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COLUMN ONE

A Slaying Cloaked in Mystery and Myths

The truth about Betty Short's gruesome murder may never be known. But 50 years later, the 'Black Dahlia' story still holds the power to fascinate.

January 06, 1997|LARRY HARNISCH | TIMES STAFF WRITER

About 10 on the crisp, bright morning of Jan. 15, Betty Bersinger was pushing her 3-year-old daughter, Anne, in a stroller, heading south to a repair shop to pick up her husband's shoes.

Bersinger was looking down, concentrating on steering the wheels through the broken glass that covered the sidewalk in the 3800 block of Norton. "I glanced to my right, and saw this very dead, white body," she said in a recent interview.

"My goodness . . . it was so white. It didn't . . . look like anything more than perhaps an artificial model. It was so white and separated in the middle. I noticed the dark hair and this white, white form."

It was the carefully posed remains of Betty Short, 5 feet 5, 115 pounds, severed at the waist. She was face up, a few inches from the sidewalk, just north of the middle of the block. Her blue eyes were open, her hands were over her head with her elbows bent at right angles; her knees were straight and legs spread.

Flies were hovering around the body. She had been hit in the head and gashes were cut from the corners of her mouth. Chunks of flesh had been neatly sliced from her body, which had been scrubbed and systematically drained of blood.

Bersinger stopped at a house to call the police. Then, having touched off what would become the largest manhunt of its day, she went off to pick up her husband's shoes.

Alerted by Bersinger's call, wave upon wave of police descended on Norton.

So did an equal number of reporters and photographers. In an era of cozier police-media relations, there was nothing to keep them away from the body.

Will Fowler, a former reporter for the L.A. Examiner, which dominated the coverage from the first day, recalls closing Short's eyes before police arrived.

The Examiner, having brought out its biggest "Extra" since V-J Day, offered to transmit the victim's fingerprints by the wirephoto system--if police, in exchange, would give the paper an exclusive on the identification. The next day, Short was identified from fingerprints taken in 1943 when she was arrested in Santa Barbara as a minor who was illegally in a bar.

The Examiner broke the news to Short's mother with a ruse: calling to tell her that Betty had won a beauty contest.

Times sports columnist Jim Murray, then an Examiner staffer, remembers watching rewrite man Wain Sutton make the call as the paper's much-hated city editor, Jimmy Richardson, sat in a swivel chair and listened.

"I sat there and listened to the poor, dear mother telling [Sutton] about her school-day triumphs," Murray said. "I can still see him put his hand over the mouthpiece of the old-fashioned upright phone and say, 'Now what do I tell her?'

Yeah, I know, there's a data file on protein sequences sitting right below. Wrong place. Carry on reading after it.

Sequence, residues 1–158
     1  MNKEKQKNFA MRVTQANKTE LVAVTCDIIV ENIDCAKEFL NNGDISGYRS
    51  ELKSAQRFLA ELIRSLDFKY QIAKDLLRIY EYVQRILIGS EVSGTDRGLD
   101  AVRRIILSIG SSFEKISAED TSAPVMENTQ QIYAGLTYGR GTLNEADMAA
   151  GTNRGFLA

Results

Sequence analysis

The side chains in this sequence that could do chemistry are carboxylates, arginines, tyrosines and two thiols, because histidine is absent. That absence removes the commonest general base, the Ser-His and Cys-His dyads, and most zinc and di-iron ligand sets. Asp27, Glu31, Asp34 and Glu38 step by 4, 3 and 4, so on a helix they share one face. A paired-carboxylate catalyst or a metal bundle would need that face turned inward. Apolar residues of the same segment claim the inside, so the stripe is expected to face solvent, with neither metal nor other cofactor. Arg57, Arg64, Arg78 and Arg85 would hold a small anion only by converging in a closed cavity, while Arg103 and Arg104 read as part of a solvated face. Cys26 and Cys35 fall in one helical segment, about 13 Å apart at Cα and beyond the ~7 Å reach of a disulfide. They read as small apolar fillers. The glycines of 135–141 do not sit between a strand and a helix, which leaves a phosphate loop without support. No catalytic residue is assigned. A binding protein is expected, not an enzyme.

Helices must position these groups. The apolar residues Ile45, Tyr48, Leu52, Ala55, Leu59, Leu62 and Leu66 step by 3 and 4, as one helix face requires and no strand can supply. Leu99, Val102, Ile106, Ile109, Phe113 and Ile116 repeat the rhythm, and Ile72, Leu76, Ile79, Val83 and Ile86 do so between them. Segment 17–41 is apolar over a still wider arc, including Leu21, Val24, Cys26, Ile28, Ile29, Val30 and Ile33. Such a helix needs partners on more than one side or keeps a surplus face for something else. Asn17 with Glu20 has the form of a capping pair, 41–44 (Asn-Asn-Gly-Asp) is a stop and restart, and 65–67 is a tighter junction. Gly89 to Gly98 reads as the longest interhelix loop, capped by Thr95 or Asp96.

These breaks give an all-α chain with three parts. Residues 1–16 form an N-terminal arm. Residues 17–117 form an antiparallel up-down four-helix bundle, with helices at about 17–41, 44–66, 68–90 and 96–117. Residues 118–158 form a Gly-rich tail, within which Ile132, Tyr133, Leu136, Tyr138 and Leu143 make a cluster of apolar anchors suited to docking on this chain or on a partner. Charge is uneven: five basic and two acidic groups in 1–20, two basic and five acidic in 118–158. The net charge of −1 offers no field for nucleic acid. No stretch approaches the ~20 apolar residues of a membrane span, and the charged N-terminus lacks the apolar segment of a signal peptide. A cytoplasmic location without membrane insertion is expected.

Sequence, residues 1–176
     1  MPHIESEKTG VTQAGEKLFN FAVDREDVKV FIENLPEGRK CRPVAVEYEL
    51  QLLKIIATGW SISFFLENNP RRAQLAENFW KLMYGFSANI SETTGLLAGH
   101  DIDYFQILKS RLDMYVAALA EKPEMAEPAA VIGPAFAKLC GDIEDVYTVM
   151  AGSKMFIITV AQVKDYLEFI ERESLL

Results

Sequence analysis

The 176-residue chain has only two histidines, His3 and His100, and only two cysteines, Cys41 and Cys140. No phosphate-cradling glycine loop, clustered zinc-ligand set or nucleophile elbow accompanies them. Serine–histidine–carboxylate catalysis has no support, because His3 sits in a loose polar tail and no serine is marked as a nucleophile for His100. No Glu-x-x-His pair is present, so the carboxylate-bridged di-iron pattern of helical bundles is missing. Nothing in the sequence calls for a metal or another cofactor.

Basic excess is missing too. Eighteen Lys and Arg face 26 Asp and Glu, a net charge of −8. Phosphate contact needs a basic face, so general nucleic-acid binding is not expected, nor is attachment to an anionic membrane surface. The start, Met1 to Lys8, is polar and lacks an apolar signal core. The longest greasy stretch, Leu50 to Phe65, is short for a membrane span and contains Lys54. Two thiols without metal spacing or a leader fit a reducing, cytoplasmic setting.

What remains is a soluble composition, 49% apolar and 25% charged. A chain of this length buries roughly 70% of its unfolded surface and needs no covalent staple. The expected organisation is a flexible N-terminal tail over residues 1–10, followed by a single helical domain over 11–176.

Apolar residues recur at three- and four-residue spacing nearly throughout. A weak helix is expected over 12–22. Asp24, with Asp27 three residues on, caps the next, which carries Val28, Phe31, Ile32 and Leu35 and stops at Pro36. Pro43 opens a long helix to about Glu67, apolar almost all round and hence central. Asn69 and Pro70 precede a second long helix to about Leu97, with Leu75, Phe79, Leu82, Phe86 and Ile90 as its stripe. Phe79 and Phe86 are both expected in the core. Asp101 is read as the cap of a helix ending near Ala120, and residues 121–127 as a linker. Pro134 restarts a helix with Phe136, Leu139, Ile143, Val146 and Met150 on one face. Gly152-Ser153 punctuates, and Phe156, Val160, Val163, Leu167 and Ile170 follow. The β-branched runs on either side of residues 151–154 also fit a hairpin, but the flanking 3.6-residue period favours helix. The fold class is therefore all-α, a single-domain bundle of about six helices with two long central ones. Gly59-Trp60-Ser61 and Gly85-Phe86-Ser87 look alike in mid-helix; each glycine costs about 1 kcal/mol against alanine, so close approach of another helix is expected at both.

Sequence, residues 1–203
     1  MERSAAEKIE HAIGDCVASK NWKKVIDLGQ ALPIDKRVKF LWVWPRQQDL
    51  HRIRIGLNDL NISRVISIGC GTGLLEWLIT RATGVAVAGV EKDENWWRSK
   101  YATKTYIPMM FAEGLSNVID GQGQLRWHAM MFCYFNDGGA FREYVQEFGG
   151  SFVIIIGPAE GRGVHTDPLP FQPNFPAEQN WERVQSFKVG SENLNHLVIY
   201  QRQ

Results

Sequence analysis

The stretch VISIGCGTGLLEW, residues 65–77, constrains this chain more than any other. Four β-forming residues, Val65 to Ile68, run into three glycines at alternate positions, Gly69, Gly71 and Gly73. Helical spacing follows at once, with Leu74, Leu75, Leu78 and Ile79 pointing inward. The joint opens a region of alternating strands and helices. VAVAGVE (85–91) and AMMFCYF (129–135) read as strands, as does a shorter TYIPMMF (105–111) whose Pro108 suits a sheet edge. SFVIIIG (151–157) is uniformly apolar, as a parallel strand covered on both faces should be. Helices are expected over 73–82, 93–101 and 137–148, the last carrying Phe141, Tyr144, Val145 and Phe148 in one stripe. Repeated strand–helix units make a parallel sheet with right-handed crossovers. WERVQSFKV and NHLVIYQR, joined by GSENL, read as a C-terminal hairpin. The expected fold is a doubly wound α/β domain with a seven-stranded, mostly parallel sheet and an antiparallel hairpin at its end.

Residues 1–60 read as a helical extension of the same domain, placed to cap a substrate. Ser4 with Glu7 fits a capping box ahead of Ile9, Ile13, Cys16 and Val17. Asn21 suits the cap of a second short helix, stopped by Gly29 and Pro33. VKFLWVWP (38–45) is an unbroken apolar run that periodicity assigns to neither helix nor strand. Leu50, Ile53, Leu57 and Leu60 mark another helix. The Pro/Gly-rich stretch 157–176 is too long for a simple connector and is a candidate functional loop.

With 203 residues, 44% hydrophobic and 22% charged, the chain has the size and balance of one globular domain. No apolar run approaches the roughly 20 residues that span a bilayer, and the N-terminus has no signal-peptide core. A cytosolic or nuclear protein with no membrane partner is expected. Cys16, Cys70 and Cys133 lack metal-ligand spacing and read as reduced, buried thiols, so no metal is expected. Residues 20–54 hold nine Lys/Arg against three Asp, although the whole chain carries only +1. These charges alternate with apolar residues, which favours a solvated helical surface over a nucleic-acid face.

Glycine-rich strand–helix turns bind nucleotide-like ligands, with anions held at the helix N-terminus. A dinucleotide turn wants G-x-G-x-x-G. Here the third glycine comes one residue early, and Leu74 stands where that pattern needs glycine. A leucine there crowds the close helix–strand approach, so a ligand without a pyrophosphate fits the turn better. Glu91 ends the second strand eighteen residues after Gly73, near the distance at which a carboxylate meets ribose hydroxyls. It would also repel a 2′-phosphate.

"Richardson screwed up his one good eye and said: 'Now tell her.' "

Another L.A. daily, the Herald-Express, prided itself on naming murder cases. There'd been the "White Orchid Murder," the "Red Hibiscus Murder" and the "White Flame Murder." But the Black Dahlia nickname was real: Short got it in a Long Beach drugstore, half a block from a hotel where she'd once stayed for two weeks. (The drugstore and its counter still stand, converted to a flower shop.)

The Examiner paid for Phoebe Short to fly to Los Angeles, then hid her from the competition, Fowler said. For two days, Mrs. Short resisted the coroner's request that she identify the body; she wanted to remember Betty as she was.

Meanwhile in San Diego, reporters found a family that had taken Short into their home in late 1946 after noticing her in an all-night movie theater, where she was seeking refuge.

According to one San Diego paper, Short spent her days loafing, picking up men and going to nightclubs. One of them was Robert Manley, a young redheaded L.A. pipe clamp salesman who met Short on a street corner.

"I asked her if she wanted to ride. She turned her head and wouldn't look at me," Manley said in a 1947 interview.

But he kept talking to Short, telling her about himself. "Finally she turned around and asked me if I didn't think it was wrong to ask a girl on a corner to get into my car.

"I said yes, but 'I'd like to take you home,' so she got in the car," Manley said.

After the holidays, the San Diego family, complaining that their small house was too crowded, asked her to leave. She wired Manley to come and get her, telling him she was going to meet her sister Virginia and go with her to Berkeley--none of which was true.

Short and Manley stayed in a motel in Pacific Beach--platonically, he said. The next morning they drove to Los Angeles. Manley helped her check her suitcases at the bus station and took her to the Biltmore. She asked him to look for her sister in the lobby while she went to the powder room. But Manley didn't find her.

Concerned about getting back to his family, Manley left Betty Short at the Biltmore at 6:30 p.m. on Jan. 9.

Within days of the murder, reporters trailing the mysterious "Red" found the motel where the couple had checked in, using their real names.

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